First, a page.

Jumla suffers massive milk deficitA Nepali consumes 72 litres of milk and dairy products annually, while the recommended requirement is 91 litres. But in Jumla, the per capita milk consumption is only 4 litres.
Almost every home in Jumla rears cows and buffaloes but the per capita availability of milk is one of the lowest in the country.
According to the statistics of the Livestock Services Office, Jumla in western Nepal, has around 18,300 houses, and among them, 17,411 have cows and buffaloes.
The annual milk production in the district stands at around 471 tonnes. The population of Jumla is over 119,000.
In Nepal, a 2020 study estimated that a Nepali consumes 72 litres of milk and dairy products annually, while the recommended requirement is 91 litres.
But in Jumla, the per capita milk consumption is only 4 litres.
Gyanendra Budha Thapa, chief of the office, said that the district also brings milk from Surkhet and Nepalgunj which is around 20 tonnes annually.
“It is mostly brought during the winter—the lean season that usually starts in November and continues until March,” say dairy farmers.
There are five dairies in Khalanga, the district headquarters, where farmers sell their milk.
“The amount of milk farmers supply is insufficient to fulfil the demand of the district,” said Hastana Neupane, who runs a local dairy—Hastana.
Karna Bahadur Budha, who runs a tea shop, said milk demand spikes as people drink more tea in winter.
“Most of my customers prefer milk tea,” said Budha.
Jaibir Kami, a local, believes the local governments should be more concerned to increase milk production in the district.
“Despite almost every house having a cow or a buffalo, they have not been able to fulfil the district’s demand for milk,” said Kami.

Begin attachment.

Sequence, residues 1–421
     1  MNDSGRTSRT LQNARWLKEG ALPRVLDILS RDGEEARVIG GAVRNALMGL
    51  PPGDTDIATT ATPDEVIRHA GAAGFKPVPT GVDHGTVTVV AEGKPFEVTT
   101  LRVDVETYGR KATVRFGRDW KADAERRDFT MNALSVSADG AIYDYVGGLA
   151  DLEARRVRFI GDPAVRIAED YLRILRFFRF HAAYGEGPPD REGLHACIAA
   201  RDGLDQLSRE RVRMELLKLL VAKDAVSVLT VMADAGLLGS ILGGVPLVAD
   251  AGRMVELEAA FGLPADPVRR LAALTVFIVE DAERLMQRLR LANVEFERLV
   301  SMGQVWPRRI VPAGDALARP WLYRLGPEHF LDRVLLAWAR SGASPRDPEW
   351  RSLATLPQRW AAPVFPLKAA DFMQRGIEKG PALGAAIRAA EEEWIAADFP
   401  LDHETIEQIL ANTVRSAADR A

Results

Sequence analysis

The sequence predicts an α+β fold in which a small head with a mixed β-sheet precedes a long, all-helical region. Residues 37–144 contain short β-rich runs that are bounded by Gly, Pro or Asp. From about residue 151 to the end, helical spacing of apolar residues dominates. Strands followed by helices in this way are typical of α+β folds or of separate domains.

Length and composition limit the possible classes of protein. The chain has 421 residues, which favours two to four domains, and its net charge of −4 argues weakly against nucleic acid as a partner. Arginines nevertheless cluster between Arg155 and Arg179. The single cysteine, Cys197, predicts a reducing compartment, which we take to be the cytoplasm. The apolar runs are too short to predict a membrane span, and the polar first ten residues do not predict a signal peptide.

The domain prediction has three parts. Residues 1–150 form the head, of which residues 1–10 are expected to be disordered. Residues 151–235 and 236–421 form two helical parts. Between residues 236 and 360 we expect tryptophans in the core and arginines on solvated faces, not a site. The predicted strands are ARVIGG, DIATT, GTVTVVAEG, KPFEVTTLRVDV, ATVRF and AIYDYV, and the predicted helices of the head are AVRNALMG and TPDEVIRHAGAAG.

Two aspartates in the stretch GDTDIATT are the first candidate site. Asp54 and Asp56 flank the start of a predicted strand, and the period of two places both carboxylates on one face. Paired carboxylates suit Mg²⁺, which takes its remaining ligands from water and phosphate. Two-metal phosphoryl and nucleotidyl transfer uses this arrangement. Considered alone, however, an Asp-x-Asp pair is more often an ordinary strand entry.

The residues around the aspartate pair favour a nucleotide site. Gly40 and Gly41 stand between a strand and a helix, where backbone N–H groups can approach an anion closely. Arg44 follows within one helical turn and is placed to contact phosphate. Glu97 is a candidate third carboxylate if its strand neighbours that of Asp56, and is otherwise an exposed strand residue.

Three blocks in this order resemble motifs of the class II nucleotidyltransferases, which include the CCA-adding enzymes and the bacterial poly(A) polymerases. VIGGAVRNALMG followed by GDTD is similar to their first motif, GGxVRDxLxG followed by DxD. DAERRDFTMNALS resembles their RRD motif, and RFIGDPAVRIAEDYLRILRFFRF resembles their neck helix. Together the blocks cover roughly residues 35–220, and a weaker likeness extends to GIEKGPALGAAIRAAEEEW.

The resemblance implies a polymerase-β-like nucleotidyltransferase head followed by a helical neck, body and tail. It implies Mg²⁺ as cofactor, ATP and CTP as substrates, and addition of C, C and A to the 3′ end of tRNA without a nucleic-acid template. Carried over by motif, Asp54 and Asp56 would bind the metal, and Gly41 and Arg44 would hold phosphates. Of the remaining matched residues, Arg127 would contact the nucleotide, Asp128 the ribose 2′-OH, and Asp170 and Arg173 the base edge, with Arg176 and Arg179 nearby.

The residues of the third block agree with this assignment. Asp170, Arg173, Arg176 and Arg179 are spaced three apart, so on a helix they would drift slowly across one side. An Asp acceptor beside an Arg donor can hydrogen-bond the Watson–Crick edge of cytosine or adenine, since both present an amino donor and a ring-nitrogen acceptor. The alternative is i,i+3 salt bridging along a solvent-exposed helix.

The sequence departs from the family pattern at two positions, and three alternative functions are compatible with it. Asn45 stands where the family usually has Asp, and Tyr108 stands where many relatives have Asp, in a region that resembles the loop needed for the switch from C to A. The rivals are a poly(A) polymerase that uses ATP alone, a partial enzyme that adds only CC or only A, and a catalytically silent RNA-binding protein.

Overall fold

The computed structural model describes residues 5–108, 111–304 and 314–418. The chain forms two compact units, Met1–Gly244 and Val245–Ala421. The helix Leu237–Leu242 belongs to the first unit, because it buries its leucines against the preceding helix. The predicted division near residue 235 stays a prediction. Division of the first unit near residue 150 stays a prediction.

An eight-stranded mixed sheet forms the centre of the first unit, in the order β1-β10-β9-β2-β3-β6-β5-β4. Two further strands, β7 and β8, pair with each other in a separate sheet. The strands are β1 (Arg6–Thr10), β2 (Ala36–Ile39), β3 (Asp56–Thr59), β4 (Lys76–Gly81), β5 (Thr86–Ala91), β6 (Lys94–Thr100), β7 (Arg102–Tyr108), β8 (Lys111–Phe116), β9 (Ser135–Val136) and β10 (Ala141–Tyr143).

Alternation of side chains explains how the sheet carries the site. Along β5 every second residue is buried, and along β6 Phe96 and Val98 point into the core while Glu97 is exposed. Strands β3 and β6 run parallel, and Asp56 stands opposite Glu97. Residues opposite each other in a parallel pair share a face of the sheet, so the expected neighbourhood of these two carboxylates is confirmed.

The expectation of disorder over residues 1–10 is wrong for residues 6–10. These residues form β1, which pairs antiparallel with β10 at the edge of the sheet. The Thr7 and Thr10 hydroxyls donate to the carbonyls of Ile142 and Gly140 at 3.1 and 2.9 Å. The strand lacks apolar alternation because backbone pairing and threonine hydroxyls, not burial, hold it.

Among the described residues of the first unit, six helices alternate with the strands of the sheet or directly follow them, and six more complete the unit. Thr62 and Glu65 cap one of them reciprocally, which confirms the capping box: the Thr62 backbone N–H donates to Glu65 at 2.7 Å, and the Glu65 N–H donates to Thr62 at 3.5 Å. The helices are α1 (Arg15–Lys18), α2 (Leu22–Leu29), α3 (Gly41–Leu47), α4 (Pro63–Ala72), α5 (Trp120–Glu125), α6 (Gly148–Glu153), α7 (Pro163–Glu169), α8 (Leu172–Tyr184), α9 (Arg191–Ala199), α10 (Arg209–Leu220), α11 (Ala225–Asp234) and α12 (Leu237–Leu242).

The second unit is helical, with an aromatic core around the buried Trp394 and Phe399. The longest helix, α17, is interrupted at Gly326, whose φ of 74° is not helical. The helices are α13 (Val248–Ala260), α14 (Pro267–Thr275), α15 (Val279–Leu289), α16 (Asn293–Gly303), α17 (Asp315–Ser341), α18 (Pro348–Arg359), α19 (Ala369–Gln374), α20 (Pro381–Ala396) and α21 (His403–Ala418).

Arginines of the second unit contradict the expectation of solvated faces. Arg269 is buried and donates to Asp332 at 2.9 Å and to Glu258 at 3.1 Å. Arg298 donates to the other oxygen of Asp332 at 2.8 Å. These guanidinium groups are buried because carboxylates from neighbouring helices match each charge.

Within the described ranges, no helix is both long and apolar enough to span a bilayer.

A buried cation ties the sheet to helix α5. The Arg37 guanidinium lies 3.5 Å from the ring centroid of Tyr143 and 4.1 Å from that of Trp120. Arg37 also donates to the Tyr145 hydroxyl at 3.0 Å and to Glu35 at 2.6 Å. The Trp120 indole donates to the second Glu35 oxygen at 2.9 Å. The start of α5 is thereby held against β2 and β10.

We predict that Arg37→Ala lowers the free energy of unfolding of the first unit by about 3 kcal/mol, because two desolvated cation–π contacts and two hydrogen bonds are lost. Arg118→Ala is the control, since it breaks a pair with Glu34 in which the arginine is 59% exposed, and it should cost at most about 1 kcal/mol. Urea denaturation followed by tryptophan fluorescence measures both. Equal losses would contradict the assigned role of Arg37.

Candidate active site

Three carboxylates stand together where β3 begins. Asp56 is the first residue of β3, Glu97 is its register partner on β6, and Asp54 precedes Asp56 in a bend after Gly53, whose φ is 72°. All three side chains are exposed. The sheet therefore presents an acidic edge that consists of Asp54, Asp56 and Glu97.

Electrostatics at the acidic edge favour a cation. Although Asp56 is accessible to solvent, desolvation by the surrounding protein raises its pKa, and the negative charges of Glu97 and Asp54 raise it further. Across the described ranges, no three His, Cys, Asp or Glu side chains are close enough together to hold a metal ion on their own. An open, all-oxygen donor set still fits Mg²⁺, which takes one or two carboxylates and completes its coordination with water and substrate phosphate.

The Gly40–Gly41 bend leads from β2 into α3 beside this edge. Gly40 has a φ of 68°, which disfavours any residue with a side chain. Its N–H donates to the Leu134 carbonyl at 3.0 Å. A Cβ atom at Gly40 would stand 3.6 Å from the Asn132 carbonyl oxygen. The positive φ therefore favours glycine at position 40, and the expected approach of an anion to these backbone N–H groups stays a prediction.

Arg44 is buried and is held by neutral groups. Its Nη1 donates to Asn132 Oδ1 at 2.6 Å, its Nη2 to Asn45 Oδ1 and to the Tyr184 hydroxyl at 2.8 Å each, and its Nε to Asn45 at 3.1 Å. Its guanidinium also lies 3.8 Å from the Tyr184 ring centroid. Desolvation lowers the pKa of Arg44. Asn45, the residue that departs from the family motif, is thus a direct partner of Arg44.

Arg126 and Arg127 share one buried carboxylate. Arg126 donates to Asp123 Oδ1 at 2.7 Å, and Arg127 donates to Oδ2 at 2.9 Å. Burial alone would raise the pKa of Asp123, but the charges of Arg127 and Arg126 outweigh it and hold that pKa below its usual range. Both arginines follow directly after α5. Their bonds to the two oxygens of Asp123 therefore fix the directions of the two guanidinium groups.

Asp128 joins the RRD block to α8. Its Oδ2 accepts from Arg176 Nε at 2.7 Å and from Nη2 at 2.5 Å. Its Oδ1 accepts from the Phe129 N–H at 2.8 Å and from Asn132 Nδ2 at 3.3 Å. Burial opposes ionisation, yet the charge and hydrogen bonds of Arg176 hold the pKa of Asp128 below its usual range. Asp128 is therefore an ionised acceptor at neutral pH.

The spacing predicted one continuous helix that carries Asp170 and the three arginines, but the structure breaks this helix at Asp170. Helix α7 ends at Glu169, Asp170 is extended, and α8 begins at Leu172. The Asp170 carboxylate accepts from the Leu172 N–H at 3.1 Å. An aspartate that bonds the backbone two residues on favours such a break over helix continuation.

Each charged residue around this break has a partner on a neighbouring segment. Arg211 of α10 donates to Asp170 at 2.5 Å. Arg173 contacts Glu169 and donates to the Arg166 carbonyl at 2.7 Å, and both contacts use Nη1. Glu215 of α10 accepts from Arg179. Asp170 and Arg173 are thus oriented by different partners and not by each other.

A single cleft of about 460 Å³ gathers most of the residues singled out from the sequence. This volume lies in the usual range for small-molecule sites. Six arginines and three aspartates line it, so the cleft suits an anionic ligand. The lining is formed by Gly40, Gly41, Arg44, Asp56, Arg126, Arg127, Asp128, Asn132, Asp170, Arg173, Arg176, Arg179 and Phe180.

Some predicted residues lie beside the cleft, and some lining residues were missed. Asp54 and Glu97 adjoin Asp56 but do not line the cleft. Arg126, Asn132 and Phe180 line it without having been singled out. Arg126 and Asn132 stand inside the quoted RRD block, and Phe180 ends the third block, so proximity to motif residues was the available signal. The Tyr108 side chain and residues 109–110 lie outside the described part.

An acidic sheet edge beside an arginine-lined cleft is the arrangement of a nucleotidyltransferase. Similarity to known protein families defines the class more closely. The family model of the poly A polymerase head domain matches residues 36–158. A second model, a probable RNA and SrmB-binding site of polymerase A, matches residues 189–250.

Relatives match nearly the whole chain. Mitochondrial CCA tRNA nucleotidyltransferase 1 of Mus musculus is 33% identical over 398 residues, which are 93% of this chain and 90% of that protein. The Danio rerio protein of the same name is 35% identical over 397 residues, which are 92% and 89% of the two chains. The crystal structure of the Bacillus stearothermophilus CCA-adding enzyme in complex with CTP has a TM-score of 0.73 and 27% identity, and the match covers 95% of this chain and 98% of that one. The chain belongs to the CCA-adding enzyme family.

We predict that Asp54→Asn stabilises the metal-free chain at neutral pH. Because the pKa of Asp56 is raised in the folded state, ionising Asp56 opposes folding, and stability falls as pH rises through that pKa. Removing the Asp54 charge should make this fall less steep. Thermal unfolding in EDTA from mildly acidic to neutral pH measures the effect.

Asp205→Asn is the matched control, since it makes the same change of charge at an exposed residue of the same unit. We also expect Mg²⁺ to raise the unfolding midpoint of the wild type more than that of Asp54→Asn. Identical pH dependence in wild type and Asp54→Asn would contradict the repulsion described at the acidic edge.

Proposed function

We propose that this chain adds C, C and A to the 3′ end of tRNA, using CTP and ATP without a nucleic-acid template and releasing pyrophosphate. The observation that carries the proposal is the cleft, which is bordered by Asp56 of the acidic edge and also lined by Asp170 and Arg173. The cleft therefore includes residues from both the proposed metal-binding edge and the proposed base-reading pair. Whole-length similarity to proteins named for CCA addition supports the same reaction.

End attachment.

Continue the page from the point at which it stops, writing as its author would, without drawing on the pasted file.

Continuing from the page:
Farmer Devi Prasad Pandey of Guthichaur Rural Municipality-4 agrees with Kami.
“Commercial dairy farming would help youth find a decent source of income at home and prevent them from going abroad for employment or seeking government jobs.”
Pandey has two buffaloes. He supplies 8 litres of milk daily to his customers' door in Khalanga.
Pandey walks for 2 hours to Khalanga from his home every day to sell milk. “I make around Rs750 a day,” he said.
The price of milk is Rs90 per litre in the district.
“The milk production is low here due to the lack of grazing fields,” Pandey added.
Maya Devi Pandey, another farmer in the area, said she earns Rs10,000 per month by selling milk.
“It is my main source of income,” she said. “ I have made as much as Rs22,000 a month when milk production increases because of abundant fodder, especially from August to November.”
“It is a lucrative profession as we get a decent price for milk and it is not that difficult to rear buffaloes,” said Maya Devi. But she shared the same concern as Devi Prasad.
“Farmers won’t be able to fulfil the demand unless we start commercial dairy farming,” she said.
Budha Thapa of the Livestock Services Office agrees with the farmers' concern.
“We cannot be self-sufficient in milk without commercial production,” said Budha Thapa.
“We don’t have data on the exact amount of milk being imported in the district.”
“There needs to be more investment if we want local farmers to increase the milk production in the district,” Budha Thapa added. “The Livestock Services Office has allocated Rs4.7 million for promoting animal husbandry in the current fiscal year.”
The lack of animal technicians has also affected cattle rearing in the district. There are only 35 technicians for the entire district.